We find here a very nice balance between up tempo songs, ballads and instrumentals. The material is very melodic. The ballads and the two instrumentals are great counterpoints to the more fast paced metal songs. On the surface this is rather conventional 80's metal, but at the same time it is not conventional at all. Below the surface we find a rich sonic palette and a strong sense of melody. The Jazz and Blues influences of earlier Johansson Brothers albums are almost gone, as are the more experimental edge, but there are still strong Classical influences here. Many would probably find this music a bit cheesy, but I find it cute and charming. I must say that I like this album a lot more than I like Symphony X or most of Yngwie Malmsteen's Rising Force's output.

Many progressive rock and metal fans probably notice that the songs here are rather short, but song length is not a necessary feature of progressive rock music. Is this Prog? Prog Metal? Or just conventional 80's metal with some progressive influences? I'm not sure, but I am pretty sure that this can appeal to many fans of these genres.

The vocals are very good and In The Mirror especially has excellent harmony vocals. The lyrics are perhaps not too interesting and are often about love and man's relation with nature (and Vikings?!). Again, some would find this cheesy, but I find it rather charming. You cannot take it too seriously, as I'm sure they don't do themselves! The keyboards sound like organs, pianos and harpsichords (even if I'm pretty sure that everything is produced with electronic keyboards). Everything has a sound that I do not recognize from somewhere else.

I enjoy this album! Give it a try!

Review by Tarcisio Moura
2 stars I remember when this album was released in Brazil with a different (and much better) cover. I bought it without even listening to it because I thought there were simply too many excellent musicians involved to be a bad record. Well, I learned two things after that: first, I should have listened to The Last Viking before I spent my hard earned money on it. Second, even excellent musicians working together dont´t exactly mean it´ll always turn out into an excellent work.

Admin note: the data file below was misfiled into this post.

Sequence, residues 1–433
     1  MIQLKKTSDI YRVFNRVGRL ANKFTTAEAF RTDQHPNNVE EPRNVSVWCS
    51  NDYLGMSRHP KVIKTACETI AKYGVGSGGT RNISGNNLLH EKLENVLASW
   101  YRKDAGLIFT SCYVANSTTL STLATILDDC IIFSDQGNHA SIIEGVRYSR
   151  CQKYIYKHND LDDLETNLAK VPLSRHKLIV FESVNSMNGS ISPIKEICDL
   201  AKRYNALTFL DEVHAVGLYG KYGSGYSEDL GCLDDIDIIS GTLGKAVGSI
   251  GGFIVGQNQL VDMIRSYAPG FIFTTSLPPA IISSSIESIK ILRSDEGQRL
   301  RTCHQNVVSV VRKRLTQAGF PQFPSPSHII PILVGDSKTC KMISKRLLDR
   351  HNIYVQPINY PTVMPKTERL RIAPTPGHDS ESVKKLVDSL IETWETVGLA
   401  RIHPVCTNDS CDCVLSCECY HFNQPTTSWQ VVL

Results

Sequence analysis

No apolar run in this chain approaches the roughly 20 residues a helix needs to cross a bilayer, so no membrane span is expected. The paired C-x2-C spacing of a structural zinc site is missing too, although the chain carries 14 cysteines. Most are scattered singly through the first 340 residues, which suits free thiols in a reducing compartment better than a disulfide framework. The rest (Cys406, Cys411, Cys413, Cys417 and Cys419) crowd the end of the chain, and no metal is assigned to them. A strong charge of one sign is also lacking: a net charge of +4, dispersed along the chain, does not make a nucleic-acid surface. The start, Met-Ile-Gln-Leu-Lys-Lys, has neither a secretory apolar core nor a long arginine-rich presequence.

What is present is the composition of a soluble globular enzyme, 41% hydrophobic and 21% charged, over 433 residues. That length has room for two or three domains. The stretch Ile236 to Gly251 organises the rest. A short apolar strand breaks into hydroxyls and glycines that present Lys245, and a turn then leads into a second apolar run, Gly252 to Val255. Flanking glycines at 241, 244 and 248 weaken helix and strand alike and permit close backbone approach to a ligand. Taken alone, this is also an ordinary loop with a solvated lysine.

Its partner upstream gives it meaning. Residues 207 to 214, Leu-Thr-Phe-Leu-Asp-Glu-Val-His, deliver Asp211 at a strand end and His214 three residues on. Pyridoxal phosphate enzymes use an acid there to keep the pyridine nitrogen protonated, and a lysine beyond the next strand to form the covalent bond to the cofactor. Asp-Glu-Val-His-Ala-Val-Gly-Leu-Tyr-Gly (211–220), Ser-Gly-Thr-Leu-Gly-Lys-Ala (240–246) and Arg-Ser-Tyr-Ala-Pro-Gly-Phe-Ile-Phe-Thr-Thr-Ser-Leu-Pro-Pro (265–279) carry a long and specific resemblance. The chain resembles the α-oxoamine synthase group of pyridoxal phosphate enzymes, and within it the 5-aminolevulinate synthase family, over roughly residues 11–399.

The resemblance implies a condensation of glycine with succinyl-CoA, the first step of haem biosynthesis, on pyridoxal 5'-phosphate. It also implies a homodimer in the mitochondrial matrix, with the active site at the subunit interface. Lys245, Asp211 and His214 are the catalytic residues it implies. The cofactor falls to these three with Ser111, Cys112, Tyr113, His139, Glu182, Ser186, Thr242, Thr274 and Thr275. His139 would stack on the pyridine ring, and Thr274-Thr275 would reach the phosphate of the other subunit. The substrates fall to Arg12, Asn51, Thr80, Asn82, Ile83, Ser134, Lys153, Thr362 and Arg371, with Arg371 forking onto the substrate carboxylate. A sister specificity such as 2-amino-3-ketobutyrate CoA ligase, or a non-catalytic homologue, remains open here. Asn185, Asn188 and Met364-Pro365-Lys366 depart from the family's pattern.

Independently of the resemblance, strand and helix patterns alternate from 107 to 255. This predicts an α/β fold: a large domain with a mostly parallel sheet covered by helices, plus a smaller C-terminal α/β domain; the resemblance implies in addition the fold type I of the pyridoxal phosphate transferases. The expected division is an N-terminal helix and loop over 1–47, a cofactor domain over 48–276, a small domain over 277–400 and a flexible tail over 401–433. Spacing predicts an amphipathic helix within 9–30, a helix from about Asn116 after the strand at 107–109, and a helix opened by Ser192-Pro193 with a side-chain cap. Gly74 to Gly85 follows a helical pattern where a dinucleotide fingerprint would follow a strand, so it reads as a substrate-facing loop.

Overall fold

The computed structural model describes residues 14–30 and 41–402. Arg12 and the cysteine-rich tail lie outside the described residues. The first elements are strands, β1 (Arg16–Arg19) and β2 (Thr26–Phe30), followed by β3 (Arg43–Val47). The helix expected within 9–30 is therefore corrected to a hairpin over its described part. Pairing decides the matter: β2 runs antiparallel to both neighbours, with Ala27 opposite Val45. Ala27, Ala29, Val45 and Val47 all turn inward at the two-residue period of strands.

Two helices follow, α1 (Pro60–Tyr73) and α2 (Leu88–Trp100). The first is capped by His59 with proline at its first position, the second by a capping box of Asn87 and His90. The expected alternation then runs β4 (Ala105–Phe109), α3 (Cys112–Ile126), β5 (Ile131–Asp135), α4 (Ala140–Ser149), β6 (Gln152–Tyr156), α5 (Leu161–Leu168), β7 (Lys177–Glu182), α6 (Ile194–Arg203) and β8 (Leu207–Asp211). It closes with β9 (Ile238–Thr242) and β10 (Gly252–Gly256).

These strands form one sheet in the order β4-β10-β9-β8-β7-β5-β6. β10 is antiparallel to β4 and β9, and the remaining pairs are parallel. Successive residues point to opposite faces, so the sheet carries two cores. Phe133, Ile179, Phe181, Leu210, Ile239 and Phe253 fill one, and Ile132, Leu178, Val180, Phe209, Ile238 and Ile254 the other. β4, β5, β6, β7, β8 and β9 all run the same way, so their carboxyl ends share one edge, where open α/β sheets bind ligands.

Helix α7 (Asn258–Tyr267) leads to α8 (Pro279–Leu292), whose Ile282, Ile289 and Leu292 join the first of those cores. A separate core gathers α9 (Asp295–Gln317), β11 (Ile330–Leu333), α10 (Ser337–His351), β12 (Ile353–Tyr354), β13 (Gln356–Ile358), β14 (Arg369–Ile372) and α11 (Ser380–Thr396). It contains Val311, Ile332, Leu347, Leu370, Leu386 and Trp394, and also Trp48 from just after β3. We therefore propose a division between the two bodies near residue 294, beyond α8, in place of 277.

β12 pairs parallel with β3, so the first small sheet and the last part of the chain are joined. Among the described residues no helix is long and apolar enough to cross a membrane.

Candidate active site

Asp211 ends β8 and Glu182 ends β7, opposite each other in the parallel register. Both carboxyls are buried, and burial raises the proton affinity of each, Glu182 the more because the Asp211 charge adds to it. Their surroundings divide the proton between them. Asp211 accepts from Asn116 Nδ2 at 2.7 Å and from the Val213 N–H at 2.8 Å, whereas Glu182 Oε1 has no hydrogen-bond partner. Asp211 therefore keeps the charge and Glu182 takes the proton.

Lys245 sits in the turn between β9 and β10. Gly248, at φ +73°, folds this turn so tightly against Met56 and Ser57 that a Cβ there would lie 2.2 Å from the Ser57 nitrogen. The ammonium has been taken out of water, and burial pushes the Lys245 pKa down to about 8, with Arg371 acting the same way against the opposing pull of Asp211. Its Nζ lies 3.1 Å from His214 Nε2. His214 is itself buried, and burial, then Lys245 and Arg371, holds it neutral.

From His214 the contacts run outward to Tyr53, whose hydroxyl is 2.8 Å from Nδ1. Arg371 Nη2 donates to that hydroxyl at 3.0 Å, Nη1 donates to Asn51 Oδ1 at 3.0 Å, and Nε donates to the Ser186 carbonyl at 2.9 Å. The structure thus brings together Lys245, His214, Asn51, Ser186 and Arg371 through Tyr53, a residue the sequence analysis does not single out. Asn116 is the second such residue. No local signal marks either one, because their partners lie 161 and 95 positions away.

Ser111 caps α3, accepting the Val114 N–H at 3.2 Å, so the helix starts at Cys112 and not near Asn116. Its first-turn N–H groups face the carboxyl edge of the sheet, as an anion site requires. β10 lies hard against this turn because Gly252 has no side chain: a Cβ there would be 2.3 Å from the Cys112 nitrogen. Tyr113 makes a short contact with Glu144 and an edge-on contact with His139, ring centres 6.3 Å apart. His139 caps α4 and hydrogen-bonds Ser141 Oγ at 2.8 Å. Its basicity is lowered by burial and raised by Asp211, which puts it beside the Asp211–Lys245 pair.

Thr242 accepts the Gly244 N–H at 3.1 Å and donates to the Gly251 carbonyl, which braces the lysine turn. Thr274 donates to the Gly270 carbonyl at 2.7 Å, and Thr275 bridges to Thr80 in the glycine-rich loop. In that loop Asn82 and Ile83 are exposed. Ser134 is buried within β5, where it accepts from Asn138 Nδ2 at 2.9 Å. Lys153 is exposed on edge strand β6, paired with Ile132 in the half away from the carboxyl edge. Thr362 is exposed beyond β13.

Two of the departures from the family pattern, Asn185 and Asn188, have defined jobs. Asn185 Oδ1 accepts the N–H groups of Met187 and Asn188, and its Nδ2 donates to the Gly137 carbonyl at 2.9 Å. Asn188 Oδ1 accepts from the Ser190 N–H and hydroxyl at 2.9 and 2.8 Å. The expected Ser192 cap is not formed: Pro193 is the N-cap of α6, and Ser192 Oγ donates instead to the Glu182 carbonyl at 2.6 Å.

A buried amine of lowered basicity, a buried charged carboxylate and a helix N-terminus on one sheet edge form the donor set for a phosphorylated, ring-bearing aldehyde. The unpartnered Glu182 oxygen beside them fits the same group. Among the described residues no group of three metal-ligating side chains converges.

Granted: it´s not really a bad record. But when you think of all these fantastic people playing, one would expect something at least very good. Jens Johansson had made quite a name for himself playing with Ingwie Malmsteen´s Rising Force (together with his brother Anders, also featured here) and, especially, Stratovarius. Michael Romeo (Symphony X) is one prog metal´s best guitarists and singer Göran Edman (once also a Malmsteen´s Rising Force member and now on Karmakanic, among others) has a great voice. Quite a dream team for this kind of work.

However, The Last Viking suffers from a very bad production (the bass is almost inaudible) and a lack of strong songwriting. Some parts are good, like the second track. Burning Eyes, that reminds of good latter day Deep Purple stuff. But most of the time the songs just sound disappointingly short, not well arranged and many seem to be half baked. I don´t know about Johansson´s other, more Jazz rock oriented, works, but this one didn´t convince me at all. Romeo is seldom heard, unlike anything he has ever done before or since. A truly waste of great musicianship.

If you´re a fan of the guys who play here, let me warn you: listen before buying. It might spare you from the big disappointment I had at the time. Rating: two stars because of some (brief) good moments. This one is for collectors and completionists only.